The Long Way to a Small, Angry Planet is the somewhat unwieldy title to an absolutely delightful story of a tightly-knit group of space-farers tasked with tunneling through space, setting up wormholes that allow for interplanetary travel. It’s set in the distant future (obviously), where humanity has made Earth uninhabitable and are scattered across the cosmos. They’ve joined a collective of alien races called the Galactic Commons.
That’s pretty much it, in a nutshell. The broad elements here will be familiar to anyone who’s been in contact with the genre before, whether that contact be through Star Trek, Firefly, or any number of other series. Despite it’s familiarity, however, Becky Chambers approaches the story with a fresh, nuanced touch that always feel respectful (both to the characters and the audience) and inviting. It’s gotten rave reviews around these parts, and I agree with all of them. I highly recommend this book.
I’ve been a reader of genre fiction for most of my literate life, and perhaps the biggest criticism of fantasy and science fiction is the depiction of women and people of color. Rather, to be more accurate, their absence is an issue, and when writers do make some effort to include them in their narratives, their depictions are often found wanting.
In that regard, this book is a tonic for the aggrieved.
[I wrote a whole thing about how my opinions on diversity casting in movies and TV are probably somewhat controversial around here, but this review quickly devolved into a long series of defenses that really did nothing but divert attention from my post. What it boils down to is that I believe diversity for diversity’s sake is counter productive, but that I, a straight white male, really am not the person to be having an argument about how best to achieve equal representation. So, as you may be able to imagine, this now deleted section amounted to, “there has to be a better way, but I’m aware enough of my privilege to not give my opinions too much weight.”]
It’s really impossible to talk about what this book does without talking about Star Trek, which, for a long time, has been the gold standard for progressivism in Science Fiction. Even though it really shouldn’t be.
Yes, it was great for its time, but after that initial run, the franchise became about as progressive as a stock photo, where ethnic and gender diversity becomes a checklist to be marked off rather than a truly forward thinking depiction of humanity.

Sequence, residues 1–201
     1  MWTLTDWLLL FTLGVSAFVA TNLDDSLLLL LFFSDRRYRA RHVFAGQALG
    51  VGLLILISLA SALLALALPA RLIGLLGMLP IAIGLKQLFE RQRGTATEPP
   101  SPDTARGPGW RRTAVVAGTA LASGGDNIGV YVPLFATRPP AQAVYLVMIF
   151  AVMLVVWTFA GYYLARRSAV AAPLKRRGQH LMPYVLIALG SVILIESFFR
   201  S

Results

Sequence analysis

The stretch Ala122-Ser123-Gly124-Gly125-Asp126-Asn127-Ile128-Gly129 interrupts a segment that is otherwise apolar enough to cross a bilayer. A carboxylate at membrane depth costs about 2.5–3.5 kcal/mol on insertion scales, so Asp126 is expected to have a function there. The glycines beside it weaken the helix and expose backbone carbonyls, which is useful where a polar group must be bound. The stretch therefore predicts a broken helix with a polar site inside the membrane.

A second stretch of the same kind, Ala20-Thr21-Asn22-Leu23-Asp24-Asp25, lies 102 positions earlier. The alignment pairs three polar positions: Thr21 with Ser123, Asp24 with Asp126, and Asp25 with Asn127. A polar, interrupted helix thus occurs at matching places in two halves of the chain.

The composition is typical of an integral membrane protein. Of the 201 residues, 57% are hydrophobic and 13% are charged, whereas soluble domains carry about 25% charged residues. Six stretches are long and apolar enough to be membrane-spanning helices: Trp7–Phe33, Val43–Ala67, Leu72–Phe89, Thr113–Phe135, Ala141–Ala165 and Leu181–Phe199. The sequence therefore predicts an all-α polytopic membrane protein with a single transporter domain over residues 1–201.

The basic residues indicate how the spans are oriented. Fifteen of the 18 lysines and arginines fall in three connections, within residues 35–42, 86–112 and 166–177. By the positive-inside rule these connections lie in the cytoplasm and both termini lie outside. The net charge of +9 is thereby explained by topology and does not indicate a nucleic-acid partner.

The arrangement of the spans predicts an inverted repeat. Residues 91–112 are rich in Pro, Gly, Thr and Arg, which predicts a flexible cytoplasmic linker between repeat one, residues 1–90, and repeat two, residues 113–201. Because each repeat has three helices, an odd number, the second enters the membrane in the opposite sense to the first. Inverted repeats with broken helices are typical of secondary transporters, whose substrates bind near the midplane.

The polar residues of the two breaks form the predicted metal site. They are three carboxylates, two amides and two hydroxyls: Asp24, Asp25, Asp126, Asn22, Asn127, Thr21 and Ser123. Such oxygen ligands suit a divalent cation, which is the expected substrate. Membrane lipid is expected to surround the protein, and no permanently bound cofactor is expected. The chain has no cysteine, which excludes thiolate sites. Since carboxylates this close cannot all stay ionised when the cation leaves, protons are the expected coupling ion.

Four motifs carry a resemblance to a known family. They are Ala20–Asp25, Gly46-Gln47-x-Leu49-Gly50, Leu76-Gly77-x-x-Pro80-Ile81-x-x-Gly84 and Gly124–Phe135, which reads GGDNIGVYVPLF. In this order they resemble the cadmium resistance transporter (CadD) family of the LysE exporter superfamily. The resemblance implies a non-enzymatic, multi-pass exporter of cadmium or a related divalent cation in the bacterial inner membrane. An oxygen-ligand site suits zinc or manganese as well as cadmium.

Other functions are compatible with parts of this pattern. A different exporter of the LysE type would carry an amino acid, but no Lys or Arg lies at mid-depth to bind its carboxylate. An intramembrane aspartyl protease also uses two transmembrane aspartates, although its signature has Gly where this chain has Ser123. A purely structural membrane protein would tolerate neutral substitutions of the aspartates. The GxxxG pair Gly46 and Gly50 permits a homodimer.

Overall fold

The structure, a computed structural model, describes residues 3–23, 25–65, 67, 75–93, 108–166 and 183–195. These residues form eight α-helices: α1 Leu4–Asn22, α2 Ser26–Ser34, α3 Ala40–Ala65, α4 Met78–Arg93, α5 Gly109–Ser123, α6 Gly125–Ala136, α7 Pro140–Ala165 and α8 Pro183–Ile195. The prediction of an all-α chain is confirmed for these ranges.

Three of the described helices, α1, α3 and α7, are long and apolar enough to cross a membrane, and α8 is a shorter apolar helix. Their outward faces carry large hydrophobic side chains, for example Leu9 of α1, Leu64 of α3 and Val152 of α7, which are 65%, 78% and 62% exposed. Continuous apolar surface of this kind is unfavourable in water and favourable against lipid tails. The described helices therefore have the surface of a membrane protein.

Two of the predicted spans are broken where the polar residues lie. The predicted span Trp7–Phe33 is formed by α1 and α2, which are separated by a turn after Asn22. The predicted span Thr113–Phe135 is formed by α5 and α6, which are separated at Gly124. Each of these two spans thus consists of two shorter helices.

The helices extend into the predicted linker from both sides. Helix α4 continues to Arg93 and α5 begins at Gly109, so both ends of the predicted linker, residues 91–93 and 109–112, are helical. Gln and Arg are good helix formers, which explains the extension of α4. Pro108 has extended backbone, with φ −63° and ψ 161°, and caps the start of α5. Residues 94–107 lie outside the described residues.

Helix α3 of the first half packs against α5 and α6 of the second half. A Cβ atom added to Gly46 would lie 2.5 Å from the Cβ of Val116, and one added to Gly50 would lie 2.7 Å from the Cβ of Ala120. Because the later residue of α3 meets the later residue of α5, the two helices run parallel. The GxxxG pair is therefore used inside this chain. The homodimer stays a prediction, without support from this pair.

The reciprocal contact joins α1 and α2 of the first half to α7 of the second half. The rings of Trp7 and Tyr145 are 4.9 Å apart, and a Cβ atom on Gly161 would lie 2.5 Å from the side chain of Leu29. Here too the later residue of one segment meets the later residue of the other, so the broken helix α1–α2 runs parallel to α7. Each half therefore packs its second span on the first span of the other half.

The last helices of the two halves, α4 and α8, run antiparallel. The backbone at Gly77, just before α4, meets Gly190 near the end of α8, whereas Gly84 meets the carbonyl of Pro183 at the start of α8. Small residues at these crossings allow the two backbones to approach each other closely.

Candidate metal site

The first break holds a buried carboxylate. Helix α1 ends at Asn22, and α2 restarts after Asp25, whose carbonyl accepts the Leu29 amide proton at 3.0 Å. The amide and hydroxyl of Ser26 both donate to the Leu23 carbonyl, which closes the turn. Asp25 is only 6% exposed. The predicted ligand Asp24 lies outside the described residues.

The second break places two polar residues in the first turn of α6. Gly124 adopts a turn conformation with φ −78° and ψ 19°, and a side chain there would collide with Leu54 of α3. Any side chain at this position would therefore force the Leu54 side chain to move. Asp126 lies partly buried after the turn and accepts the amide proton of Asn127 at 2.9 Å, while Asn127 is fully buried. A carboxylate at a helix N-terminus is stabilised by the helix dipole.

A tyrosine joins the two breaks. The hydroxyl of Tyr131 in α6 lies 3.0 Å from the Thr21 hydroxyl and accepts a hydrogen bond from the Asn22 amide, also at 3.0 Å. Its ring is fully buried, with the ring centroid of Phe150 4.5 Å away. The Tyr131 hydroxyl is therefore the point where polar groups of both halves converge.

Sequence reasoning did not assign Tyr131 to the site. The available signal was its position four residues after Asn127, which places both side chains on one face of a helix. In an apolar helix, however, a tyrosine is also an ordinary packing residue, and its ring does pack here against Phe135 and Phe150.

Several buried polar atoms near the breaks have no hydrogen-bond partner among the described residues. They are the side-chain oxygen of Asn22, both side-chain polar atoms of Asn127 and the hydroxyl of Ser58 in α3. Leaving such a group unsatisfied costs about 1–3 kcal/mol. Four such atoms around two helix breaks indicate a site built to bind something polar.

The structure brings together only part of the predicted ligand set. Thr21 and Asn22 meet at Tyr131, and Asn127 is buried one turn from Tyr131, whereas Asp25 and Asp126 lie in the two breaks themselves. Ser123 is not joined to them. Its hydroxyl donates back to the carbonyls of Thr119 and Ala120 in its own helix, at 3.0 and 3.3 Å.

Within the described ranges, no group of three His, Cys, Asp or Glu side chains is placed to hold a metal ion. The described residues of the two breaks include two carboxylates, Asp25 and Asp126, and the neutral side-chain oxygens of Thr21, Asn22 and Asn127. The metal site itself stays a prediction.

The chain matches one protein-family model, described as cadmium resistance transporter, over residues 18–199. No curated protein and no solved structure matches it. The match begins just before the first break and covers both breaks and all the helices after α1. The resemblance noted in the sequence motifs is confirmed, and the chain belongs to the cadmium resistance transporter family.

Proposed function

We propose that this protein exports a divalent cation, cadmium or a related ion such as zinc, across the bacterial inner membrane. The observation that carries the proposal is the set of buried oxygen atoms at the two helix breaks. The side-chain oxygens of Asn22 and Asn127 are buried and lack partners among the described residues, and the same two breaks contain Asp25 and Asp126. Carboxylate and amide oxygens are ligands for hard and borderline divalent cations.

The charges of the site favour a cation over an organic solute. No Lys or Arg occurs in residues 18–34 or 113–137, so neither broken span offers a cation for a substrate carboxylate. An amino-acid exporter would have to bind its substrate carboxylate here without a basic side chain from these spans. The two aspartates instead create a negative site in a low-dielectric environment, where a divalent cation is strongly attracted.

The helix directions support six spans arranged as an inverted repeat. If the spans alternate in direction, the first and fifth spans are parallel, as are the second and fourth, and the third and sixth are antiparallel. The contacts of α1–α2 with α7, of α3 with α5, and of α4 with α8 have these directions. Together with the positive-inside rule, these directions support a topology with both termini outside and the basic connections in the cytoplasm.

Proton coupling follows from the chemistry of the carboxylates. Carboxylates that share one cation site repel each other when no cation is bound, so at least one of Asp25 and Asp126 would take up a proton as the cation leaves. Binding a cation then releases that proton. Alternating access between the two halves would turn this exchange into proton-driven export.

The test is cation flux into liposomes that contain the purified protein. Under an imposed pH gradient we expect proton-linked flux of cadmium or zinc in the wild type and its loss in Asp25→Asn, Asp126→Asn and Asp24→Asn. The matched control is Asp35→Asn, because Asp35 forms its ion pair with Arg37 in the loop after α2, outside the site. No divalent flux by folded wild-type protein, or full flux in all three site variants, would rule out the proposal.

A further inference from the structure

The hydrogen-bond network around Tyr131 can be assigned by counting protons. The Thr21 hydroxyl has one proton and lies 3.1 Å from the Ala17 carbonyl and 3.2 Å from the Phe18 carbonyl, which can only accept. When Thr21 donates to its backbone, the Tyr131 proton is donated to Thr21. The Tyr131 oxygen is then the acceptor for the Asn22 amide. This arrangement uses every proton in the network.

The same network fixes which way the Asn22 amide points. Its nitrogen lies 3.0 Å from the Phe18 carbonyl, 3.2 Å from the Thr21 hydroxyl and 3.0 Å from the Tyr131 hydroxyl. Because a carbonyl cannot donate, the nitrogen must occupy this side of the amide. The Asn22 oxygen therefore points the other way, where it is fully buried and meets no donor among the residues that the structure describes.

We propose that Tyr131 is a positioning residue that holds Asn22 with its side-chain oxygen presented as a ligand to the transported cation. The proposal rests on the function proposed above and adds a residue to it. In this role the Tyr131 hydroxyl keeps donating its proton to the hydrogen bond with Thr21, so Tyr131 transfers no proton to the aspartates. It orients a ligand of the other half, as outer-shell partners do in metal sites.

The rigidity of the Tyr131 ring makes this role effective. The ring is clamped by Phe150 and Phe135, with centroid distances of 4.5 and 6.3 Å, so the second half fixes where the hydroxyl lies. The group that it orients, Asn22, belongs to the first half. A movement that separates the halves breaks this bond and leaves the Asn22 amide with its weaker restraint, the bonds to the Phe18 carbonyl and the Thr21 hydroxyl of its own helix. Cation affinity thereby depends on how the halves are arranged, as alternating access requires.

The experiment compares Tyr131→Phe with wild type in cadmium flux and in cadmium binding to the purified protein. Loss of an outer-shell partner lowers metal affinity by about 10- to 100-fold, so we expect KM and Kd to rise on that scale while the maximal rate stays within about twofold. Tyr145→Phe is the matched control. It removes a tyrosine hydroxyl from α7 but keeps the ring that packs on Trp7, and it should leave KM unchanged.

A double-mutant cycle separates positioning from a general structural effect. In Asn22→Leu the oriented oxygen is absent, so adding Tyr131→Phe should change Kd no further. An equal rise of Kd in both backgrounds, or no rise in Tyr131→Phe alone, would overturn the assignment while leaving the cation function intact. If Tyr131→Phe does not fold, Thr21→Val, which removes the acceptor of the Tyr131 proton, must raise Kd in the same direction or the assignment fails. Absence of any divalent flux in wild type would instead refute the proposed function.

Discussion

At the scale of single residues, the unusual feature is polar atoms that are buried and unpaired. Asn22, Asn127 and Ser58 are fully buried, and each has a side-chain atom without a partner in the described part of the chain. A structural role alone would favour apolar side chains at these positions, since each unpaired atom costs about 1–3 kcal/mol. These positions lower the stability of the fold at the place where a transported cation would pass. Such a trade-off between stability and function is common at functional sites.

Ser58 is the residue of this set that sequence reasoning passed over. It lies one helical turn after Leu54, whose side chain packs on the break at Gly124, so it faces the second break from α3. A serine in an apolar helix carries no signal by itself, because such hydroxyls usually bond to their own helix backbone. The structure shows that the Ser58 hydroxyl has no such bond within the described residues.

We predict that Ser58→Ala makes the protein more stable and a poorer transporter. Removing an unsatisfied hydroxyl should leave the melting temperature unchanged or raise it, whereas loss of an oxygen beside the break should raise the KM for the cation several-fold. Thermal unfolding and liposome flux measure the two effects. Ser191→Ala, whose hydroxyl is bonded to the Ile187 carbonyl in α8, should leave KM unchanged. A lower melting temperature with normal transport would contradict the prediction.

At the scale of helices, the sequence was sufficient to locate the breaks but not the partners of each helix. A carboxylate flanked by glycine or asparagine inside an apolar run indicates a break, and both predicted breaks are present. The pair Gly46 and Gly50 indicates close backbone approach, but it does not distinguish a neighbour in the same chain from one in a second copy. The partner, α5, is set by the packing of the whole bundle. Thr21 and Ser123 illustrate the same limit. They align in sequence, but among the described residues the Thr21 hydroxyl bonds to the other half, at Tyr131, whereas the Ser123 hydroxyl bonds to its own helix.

Black person? Check. Woman? Check. Vaguely ethnic person? Check. Then fill out the rest of the show/book/movie/whatever with white men acting out stories written by white men in episodes directed by white men aired on a network owned by white men.
That’s not diversity, and it makes addressing the lack of diversity more difficult, because the privileged majority sees this forced inclusion of token minorities as an endpoint rather than a first step towards inclusivity. Diversity is the natural state of life – not something halfheartedly depicted to appease the bleeding hearts. Tokenism isn’t going to change the world.
Maybe this is blasphemy, but I don’t see these casts as particularly diverse. For starters, we’re talking about Star Fleet. Why is almost everyone even human? Secondly, are we really supposed to believe that 400 years in the future, white Americans are really going to be the most represented group of humans in the universe? Really?
Which isn’t to say that the inclusion of women and people of color is something worthy of derision – it’s clearly not. But when their inclusion is ancillary to story development, or only done for the sake of being “diverse” (as opposed to all-inclusive or, you know, being realistic), or mostly done for much desired T&A (see: Enterprise), “diversity” becomes self-defeating.
Am I making sense? I don’t even know.
Anyway. I’m getting side-tracked. The Long Way to a Small, Angry Planet brings diversity to the forefront by…..not really making an issue of it. The cast of characters is simply diverse. I can’t tell you what the human characters ethnic backgrounds are. Not really. But Chambers makes it absolutely clear that we’re dealing with people from all walks of life. And the aliens aren’t scenery, they’re vital members of the crew who aren’t just there to figure out what it’s like to be human. They have their own backgrounds and cultures, and love themselves for who they are. They aren’t necessarily hetero- or gender-normative, either. And this isn’t something the crew has to come to terms with, or try to understand in a moral sense. People are different. That’s just reality. And that’s okay.
Diversity doesn’t exist here so that everyone can have a voice; diversity exists because it, in and of itself, is valuable. The crew here is a family, and it is their differences that make them stronger and better able to deal with the complexities of existence in space occupied by other forms of life. I enjoyed this book not just because it was well-written and engaging, but because the story envelops complexity and difference into itself, acknowledging that same-ness is a weakness without resorting to very special episode -type vapidity.
Check it out, if you haven’t already. I’m going to go find the second book.
Reviewed four times for CBR, with an average rating of 4.50.